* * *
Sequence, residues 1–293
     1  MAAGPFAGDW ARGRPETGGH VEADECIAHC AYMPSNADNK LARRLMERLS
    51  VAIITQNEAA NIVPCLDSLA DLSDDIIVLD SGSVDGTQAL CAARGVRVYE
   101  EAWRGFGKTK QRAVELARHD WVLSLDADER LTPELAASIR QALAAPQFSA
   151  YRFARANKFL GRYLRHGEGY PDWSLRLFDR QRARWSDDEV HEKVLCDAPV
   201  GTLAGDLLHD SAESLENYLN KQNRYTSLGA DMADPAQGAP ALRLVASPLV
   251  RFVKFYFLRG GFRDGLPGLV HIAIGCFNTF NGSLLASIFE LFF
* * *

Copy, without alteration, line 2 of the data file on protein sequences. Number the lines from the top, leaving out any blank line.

     1  MAAGPFAGDW ARGRPETGGH VEADECIAHC AYMPSNADNK LARRLMERLS